The French wine industry has been hit by a perfect storm these past few months. The novel coronavirus pandemic and corresponding shutdown has compounded an already a delicate situation for many producers.
Apart from supermarkets, where sales remain strong, the shutdown has caused domestic sales to drop dramatically. Meanwhile, many U.S. importers are waiting for the pandemic to quell before confirming orders. Cellar door sales, which comprise up to 20% of profits for some producers, have totally dried up.
All this follows the 25% tariff imposed on French wine imports (except Champagne) by the U.S. administration last October. That led exports to the United States to fall 44% in November 2019. They dropped even further by December 2019, according to research from the American Association of Wine Economists.
Now, Champagne is also experiencing a dramatic fall in sales in the French market. Sales decreased by 70% in supermarkets and 100% in hotels and restaurants, which are now closed.
“French sales have fallen by 90% and it is the same in the export market,” says Michael Drappier of Champagne Drappier. He has never seen such a double whammy. “The messages are coming in in every language, ‘We are not cancelling but we want to delay shipments.’ ”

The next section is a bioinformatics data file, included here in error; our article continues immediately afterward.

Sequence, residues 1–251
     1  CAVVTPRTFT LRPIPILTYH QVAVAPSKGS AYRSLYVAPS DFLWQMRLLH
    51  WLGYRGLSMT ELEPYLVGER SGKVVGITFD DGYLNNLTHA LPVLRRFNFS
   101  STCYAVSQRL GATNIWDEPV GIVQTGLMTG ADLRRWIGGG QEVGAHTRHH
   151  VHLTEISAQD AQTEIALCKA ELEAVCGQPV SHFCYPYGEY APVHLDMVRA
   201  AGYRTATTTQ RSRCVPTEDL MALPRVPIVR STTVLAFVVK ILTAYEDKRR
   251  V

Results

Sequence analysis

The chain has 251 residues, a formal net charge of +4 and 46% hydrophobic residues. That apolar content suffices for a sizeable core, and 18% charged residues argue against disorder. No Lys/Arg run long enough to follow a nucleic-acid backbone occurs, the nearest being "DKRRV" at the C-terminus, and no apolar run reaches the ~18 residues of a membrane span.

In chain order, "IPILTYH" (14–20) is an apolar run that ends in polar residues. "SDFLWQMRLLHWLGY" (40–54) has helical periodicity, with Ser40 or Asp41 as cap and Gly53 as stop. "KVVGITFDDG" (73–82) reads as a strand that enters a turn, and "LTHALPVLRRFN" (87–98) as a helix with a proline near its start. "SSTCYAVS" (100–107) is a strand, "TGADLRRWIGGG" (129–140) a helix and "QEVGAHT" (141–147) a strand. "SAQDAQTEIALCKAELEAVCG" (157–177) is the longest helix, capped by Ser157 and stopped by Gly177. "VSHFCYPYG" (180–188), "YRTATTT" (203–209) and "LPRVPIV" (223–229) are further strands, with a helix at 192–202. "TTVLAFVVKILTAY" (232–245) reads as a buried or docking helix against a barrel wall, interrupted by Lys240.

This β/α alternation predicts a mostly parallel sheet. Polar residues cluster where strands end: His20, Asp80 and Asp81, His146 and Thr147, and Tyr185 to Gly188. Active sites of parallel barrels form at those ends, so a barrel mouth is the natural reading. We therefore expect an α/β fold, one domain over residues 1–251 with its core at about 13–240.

Pascal Verhaeghe of Château du Cèdre in Cahors is similarly affected. “Sales are down by 85%, so, although transporters are operating normally, there is very little wine for them to pick.” And, he says, “of course, our cellar door sales are closed.”
“We have found our exports holding up and transporters are still operating,” says Julien Révillon of Domaines Piron in Morgon, Beaujolais. “We are also delivering in France to off-trade businesses because they are not closed. And, although we have no cellar door sales, we are continuing to deliver to private customers.”
In the Loire Valley, Orchidées Maisons de Vin, a group of nine major producers, is still selling to its supermarket clients, although “they are feeble compared with normal,” says Bernard Jacob, the group’s managing director.
Transportation, particularly in the export market, presents its own share of problems. “We are finding it hard to get containers because our foreign clients have put them into confinement and we can’t get them back,” says Jacob.
The French government has taken emergency measures to help wine producers, particularly those whose exports have slowed or dried up. It now provides insurance on invoices worldwide and has increased the guarantee on deposits paid to exporters from 80% to 90%. These measures will last for a year.
One part of the industry that’s still holding up and demanding attention is the vines. Or, as Francis Abécassis of Domaines Francis Abécassis in Cognac puts it: “The vines just don’t wait.” This is a busy time in the vineyards, and so many wineries’ office staffs with little to do are joining vineyard workers among the vines.
It’s easy to practice social distancing in a vineyard, while hoping for better times by harvest 2020.